Battle rages on between Google and data management platforms

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Digital marketers take note. If you haven’t heard about the recent competition between Google and data management platforms (DMP), you need to catch up. The way you approach online advertising campaign could be affected by this head-to-head.

In October, Google began informing advertising technology partners it was going to begin more tightly enforcing one of its data collection policies. Google is going to restrict how DMPs are gathering user information when running campaign’s on its ad network. More specifically, Google is looking to restrict how DMPs use pixel tags with respect to certain ads. (For those unfamiliar with the term, pixel tags, also known as web bugs, refer to transparent, embedded images that are added to web pages. They allow the pixel’s owner to check if users have accessed their content, and can also inform advertisers how many times a specific user has seen their messages online.)

On Google’s support page, their rule for data collection states :

“You may use a cookie, web beacon, or other tracking mechanism to collect anonymous traffic data for purposes of aggregated reach, frequency and/or conversion reporting, provided you use a certified third party vendor for this purpose. Collecting impression-level data via cookies or other mechanisms for purposes of subsequent re-targeting, interest category categorization, or syndication to other parties on Google Display Network inventory is prohibited.”

Google is saying that by the end of March it’ll prohibit certain DMPs from using tracking pixels, unless they also own the demand-side platform (DSP) executing the transaction. That means a large number of standalone DMPs will be at a disadvantage.

What Does this Mean?

If Google begins restricting pixel firing, then standalone DMPs will be left with blind spots and lose insight into activity on the Google Display Network, which isn’t ideal for the companies they serve. Unless a solution is found, agencies won’t have as many choices in which ad tools they can use and won’t be able to gauge performance on Google sites with relation to non-Google sites. Without the ability to understand which users are seeing what, marketers won’t be able to properly cap how many times a certain consumer sees an ad, which could lead to substantial waste.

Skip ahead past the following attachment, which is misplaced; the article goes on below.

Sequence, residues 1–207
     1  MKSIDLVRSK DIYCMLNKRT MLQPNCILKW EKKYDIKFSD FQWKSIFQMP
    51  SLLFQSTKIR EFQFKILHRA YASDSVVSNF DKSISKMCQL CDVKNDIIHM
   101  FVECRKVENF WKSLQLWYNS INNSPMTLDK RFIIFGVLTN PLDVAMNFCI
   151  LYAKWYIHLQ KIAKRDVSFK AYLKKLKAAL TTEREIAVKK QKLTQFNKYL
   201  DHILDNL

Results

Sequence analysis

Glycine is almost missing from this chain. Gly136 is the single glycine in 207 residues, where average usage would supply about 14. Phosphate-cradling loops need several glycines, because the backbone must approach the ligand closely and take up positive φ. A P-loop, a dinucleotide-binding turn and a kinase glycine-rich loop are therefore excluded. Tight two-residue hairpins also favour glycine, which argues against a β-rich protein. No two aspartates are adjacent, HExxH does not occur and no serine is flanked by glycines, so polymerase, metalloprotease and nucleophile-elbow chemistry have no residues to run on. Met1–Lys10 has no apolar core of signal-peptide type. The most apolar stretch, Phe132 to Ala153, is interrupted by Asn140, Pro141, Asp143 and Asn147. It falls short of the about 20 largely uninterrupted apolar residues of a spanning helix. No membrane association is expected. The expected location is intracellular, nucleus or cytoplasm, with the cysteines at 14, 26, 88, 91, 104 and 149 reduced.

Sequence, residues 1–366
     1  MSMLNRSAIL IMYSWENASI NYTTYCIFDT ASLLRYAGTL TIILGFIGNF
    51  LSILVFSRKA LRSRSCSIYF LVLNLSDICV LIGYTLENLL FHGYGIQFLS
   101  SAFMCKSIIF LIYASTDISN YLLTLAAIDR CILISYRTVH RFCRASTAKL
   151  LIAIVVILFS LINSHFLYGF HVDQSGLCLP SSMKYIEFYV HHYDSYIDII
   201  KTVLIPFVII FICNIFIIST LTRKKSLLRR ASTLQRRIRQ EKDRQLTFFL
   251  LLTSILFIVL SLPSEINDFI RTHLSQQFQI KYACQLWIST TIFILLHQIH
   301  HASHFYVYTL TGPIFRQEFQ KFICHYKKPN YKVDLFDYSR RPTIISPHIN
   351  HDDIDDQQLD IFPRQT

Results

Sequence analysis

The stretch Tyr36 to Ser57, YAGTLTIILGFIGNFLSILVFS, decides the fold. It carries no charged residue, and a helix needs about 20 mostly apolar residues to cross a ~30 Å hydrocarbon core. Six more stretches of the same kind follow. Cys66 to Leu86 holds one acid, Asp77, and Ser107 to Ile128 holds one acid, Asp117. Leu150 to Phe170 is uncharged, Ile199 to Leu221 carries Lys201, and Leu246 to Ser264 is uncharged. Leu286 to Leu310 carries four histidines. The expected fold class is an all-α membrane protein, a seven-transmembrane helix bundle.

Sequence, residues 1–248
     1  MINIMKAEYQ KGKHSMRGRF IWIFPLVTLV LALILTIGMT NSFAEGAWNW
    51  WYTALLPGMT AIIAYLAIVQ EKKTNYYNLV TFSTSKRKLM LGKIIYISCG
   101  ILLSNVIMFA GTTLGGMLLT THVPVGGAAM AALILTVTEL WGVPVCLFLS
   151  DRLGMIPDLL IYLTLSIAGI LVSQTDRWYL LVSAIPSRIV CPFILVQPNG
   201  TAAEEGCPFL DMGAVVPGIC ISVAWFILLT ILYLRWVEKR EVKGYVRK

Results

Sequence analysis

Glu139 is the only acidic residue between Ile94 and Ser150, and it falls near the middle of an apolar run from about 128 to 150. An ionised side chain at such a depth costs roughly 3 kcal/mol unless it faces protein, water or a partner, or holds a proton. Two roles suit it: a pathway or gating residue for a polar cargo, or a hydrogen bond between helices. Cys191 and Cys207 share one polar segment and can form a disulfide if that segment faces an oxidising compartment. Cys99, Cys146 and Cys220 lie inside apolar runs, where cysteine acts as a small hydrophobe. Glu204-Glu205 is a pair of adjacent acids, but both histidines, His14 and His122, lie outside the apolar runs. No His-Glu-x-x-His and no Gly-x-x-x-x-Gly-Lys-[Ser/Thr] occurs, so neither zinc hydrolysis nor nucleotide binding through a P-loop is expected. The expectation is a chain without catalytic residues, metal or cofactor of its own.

Another issue frustrating DMPs is the timeframe they have to work within. While many agree with the long-term strategy of Google’s plan (pixels have their limitations, like with mobile devices), they feel rushed. They only have a few months to make necessary changes and come up with viable solutions. Although Google is working with DMP representatives to find alternatives, like application program interfaces (API) that transfer data, vendors worry if these other options will provide the same amount of information and meet the same needs as tracking pixels.

In Google’s Defence

It’s only fair to point out this isn’t just Google flexing its muscles. There are two sides to every story, and Google still has some credibility in this debate. While some may look at this decision and accuse Google of making and enforcing a quick change in policy, you can side with Google and view this as the enforcement of an already existing policy.

Of course, Google is concerned with the user experience. After all, having people come back over and over again is good for business. Having so many pixels on the same webpage can slow down browsers, which is frustrating. However, slow load times are just the tip of the iceberg.

Google is far more concerned with with data leakage. Although data leakage is controlled contractually, having lots of pixels on a page tracking information makes enforcement that much more difficult. This is a problem for Google because data leakage allows advertisers to find an audience on Google sites, then buy the same audience elsewhere for less.

Moving Forward

It’s unclear what suddenly started the enforcement of this policy, but it likely has something to do with Google’s broader strategy around creating the next-generation of multi-device marketing tools. With improvements in cloud computing and mobile devices, consumers are constantly jumping from phones to tablets to televisions, so it’s important to have solutions that fit all of these devices.

Welcome to the next frontier of digital advertising. With growing competition from companies like Facebook, Google is looking to make the right changes in order to position itself as the industry leader.

Photo via paid service 123RF

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Rick Delgado

Rick Delgado

Rick Delgado is a business technology consultant for several Fortune 500 companies. He is also a frequent contributor to news outlets such as Wired, Tech.co, and Cloud Tweaks. Rick enjoys writing about the intersection of business and new innovative technologies
Rick Delgado

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